31 1996] INTERSTATE CHILD SUPPORT 1499 held. 193 The federal government requires the states, as a condition of their AFDC funding, to establish procedures by which "any refund of State income tax which would otherwise be payable to an absent parent will be reduced... by the amount of any overdue support." 194 These and later amendments also require states to allow income-withholding so that support payments can be directly deducted from the obligor's income. 95 Congress found that income-withholding provisions are among the "most effective, efficient and low-cost techniques for bringing child support obligations into paying status and keeping them there" because "[d]educting current support obligations from paychecks keeps support payments current without any effort on the part of the obligor and insures that the support obligation will come before other expenditures."' 9 6 The Child Support Economic Security Act of 1993,1 7 which was stalled in committee and never passed by the 103rd Congress, would have made all income (including lottery winnings, insurance policy benefits, and court-awarded judgments, but not public assistance) subject to withholding for child support. 9 ' Also, the bill would have required that states deny all professional licenses to those more than $1000 in arrears on support payments who have not made a "good faith effort" to pay their debt.' 99 Furthermore, the bill would have required reporting of past-due child support obligations to consumer reporting agencies for individuals with overdue amounts in excess of the monthly support payment owed. 0 0 Perhaps most significantly, the bill would have imposed deadlines for interstate cases on state enforcement agencies to prevent the cases from dragging on indefinitely The Interstate Child Support Enforcement Act, 2 2 which was introduced in 1993 and also stalled in committee, would have required the states to adopt UIFSA, primarily because of its continuing exclusive jurisdiction principle. 20 ' Additionally, the See 42 U.S.C. 666(a)(3)(A) (1994). "Id. "9 See 42 U.S.C. 666(a)(8) (1994). 196 H.R. REP. No. 527, 98th Cong., 1st Sess., pt. IV, at 31 (1983). 197 H.R. 915, 103d Cong., 1st Sess. 19 See id See id See id See id H.R. 1600, 103d Cong.,.Ist Sess. (1993); S. 689, 103d Cong., 1st Sess. (1993). 20N See H.R. 1600, 424; S. 689, 424.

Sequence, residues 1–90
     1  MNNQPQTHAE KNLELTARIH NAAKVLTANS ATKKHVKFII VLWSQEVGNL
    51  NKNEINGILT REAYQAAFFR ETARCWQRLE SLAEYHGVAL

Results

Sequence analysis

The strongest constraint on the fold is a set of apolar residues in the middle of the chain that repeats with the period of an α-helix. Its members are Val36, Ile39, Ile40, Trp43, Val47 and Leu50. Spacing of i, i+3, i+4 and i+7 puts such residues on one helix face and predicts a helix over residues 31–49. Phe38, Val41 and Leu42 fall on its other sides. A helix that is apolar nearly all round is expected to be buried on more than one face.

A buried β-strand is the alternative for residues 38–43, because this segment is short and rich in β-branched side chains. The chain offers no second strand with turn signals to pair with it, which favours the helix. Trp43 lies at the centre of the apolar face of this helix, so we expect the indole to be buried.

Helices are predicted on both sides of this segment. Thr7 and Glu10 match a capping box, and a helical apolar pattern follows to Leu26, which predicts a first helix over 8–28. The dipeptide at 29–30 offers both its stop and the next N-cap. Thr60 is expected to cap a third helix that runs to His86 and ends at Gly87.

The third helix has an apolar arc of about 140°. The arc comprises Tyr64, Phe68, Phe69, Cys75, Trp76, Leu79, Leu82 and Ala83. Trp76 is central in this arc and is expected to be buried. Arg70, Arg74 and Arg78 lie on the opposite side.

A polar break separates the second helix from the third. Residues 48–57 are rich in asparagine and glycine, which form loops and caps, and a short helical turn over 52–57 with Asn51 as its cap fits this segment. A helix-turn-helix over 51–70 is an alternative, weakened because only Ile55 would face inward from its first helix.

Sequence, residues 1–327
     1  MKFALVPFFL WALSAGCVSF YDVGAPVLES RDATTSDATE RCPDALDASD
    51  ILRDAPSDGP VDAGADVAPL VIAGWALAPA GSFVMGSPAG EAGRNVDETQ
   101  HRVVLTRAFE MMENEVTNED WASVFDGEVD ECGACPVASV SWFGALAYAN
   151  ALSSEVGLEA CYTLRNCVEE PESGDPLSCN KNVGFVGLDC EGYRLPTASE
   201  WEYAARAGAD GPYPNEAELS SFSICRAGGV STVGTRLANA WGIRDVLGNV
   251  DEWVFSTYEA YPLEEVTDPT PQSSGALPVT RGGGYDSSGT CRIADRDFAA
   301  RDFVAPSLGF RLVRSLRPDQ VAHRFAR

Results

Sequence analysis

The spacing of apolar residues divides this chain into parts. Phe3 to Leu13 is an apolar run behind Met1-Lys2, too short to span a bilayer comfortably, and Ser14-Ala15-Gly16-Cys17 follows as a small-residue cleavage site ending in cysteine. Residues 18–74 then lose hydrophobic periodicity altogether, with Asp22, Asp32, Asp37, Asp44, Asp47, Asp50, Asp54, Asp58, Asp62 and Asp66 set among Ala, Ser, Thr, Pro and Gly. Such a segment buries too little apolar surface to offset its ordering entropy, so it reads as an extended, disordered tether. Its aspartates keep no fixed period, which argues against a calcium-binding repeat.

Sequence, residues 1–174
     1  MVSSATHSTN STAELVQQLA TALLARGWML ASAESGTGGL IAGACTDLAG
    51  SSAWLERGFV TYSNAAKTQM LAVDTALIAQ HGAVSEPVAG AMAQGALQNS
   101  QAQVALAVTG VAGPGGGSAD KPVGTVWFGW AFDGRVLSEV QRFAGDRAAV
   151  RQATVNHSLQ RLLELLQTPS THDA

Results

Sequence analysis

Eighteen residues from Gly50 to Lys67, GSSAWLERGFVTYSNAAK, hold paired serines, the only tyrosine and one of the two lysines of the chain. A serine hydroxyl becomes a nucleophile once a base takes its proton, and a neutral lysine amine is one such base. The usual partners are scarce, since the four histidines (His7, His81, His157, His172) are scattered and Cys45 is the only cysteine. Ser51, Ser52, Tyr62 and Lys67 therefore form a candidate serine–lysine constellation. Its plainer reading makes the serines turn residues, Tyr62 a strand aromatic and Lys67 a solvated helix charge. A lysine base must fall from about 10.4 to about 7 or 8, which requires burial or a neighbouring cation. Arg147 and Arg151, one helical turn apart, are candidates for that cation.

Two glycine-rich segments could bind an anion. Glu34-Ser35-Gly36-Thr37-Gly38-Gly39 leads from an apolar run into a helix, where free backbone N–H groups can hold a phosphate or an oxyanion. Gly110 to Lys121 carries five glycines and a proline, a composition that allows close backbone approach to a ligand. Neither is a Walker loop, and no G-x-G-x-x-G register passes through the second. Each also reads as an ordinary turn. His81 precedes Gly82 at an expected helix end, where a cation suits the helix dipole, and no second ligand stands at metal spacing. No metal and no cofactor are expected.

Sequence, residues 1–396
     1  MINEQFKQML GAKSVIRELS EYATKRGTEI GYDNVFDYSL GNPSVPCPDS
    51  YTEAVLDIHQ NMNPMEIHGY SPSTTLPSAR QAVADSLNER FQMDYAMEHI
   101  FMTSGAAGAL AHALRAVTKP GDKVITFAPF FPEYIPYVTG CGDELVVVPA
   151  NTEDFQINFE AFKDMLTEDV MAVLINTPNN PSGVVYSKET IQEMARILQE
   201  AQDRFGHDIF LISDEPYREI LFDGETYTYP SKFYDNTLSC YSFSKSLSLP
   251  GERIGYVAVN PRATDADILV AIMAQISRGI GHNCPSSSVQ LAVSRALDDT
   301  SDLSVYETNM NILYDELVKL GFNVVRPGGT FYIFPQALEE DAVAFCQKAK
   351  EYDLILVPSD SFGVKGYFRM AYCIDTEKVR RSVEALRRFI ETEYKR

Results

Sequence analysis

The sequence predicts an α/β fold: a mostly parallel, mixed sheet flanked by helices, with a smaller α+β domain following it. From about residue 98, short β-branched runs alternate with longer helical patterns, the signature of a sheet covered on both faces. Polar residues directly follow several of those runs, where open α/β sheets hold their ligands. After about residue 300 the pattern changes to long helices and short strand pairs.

32 1500 UNIVERSITY OF PENNSYLVANIA LAW REVIEW [Vol. 144:1469 bill would have strengthened the state income withholding provisions by changing the W-4 income tax withholding form to require new employees to reveal existing support obligations.1 4 It also would have expanded the use of the Federal Parent Locator System, a set of databases that maintain records of child support orders and parents' locations Thus, several weapons in the proposed federal arsenal of child support devices were never passed by Congress, and the problems of children living without parental support remains. The criminal provisions of the CSRA should be seen as a major facet of the federal initiative against children living in poverty. That initiative may be jeopardized if the criminal provisions are struck down as being constitutionally infirm. III. THE CONSTITUTIONAL DEBATE A. The Commerce Clause Problem In analyzing how Lopez applies to the criminal provisions of the CSRA, the federal district courts have focused primarily on four aspects of the Lopez decision: (1) the Court's discussion of the absence of a jurisdictional element; (2) the nature of the activity prohibited; (3) the legislative history showing congressional purpose in creating a federal criminal statute; and (4) the doctrines of federalism and comity that underlie the conflict between state and federal authority. 2 6 Four courts utilized these elements to reach the conclusion that 228 of the CSRA was unconstitutional, while five courts reached the opposite conclusion. 2 7 In the rash of litigation that has sprung up after Lopez over the constitutionality of a variety of federal criminal statutes, these elements have been at the center of the courts' analyses. 20 ' Although no circuit court has yet dealt with the question of 228's constitutionality, several circuits have declined to extend the reasoning of Lopez and have 204 See H.R. 1600, 402(a)(2). 2- See id. 101, 402. 'o See generally United States v. Lopez, 115 S. Ct (1995) (holding that a provision of the Gun-Free School Zones Act of 1990 is invalid as beyond Congress's Commerce Clause power). 2' See supra part I.B (discussing the federal district court split). 21 See, e.g., United States v. Pappadopoulos, 64 F.3d 522, (9th Cir. 1995) (analyzing the requirements ofajurisdictional element, an effect on commerce, and concerns about federalism in upholding the federal arson statute, 18 U.S.C. 844(i), as being constitutional and within Congress's powers under the Commerce Clause).